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THE MOVIE: Hard Candy

Patrick Wilson • Ellen Page
DIRECTOR: David Slade

Jeff Kohlver (Patrick Wilson) and Hayley Stark (Ellen Page) THE CONCEPT:
A charming 14-year-old girl Hayley (Page) goes to a coffee shop to meet Jeff (Wilson), a 30-something photographer she met on the Internet. Soon she’s at Jeff’s place mixing drinks and stripping for an impromptu photo shoot – but it turns out that it’s not Jeff’s lucky night. Hayley isn’t as innocent as she looks, and the tables are turned on the photographer as she confronts him about his dark past.

U.S. RELEASE: April 14 2006, Nationwide • Rated: R


“When I first read the script it totally blew me away. First of all it was incredibly engrossing and obviously original, and then on top of that to read a role written for a teenage girl with so much passion and intelligence was extremely refreshing.”

“My wife was the one who ultimately told me to do this film, because it was a different type of movie, different type of character. Even though she’s an actress and she knows what’s going on, it’s hard to watch anybody that you know and love go through that sort of pain on film.”

“We shot this film in 18 days, which was great because the immediacy made it the film that it is. It has a kind of manic nature.”

“You have this idea that people who are on the Internet come walking in with their shoulder’s hunch and they’re creepy, weird nerds, and I just wanted to make Jeff a very charming photographer, who knows how to work the lens, he knows how to view people, so I went with that angle.”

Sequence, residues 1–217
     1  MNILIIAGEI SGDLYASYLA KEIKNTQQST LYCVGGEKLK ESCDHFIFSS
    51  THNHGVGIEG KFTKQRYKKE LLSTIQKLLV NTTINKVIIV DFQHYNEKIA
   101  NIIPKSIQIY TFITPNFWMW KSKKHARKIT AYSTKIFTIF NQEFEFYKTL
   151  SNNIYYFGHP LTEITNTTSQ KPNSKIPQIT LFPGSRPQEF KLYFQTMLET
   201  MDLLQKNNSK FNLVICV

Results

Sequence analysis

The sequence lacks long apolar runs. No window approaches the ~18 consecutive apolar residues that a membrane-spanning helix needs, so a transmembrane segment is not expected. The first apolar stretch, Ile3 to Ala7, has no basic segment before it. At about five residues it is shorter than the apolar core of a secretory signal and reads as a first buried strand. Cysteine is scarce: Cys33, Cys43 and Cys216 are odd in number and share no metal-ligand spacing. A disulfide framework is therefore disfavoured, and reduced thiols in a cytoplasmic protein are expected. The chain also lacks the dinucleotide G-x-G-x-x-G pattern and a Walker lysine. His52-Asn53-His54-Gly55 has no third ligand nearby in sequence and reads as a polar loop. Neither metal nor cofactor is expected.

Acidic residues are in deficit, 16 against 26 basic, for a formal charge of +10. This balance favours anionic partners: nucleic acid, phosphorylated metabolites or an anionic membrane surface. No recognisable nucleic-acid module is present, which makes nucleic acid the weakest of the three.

“The movie is clearly provoking people strongly and that’s great, because that’s what a film should do, that’s what art should do.”

“For me one of the best things about this movie is it raises questions, and it makes you think and that’s great. If it makes you think you want to watch your kids a little more, more power to you.”

“I wanted to maintain a vulnerability in the sense of her being 14, and not [be like] some kind of superhero. I wouldn’t say she’s evil or sick at all. I think she’s an extremely passionate, intelligent young woman. I actually found her kind of inspiring in a way. I think she sees something wrong with society, she’s irritated that people are ignoring it, and she’s going to do something about it.”

“I haven’t been around a lot of people who’ve seen the movie. I think men and women have different reactions to the film related to me. I think the most surprising thing for people is when people go, ‘You know, I found myself being sympathetic for you, and I didn’t like myself for that.’ That’s great, because that was kind of the goal. This guy is up to no good, but even when the table is turned you don’t know who to like.”

Written by Judy Sloane. Back to top

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Images above © Lions Gate
Feature © 2006 Visual Imagination.
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Film Review, #669, May 2006 cover

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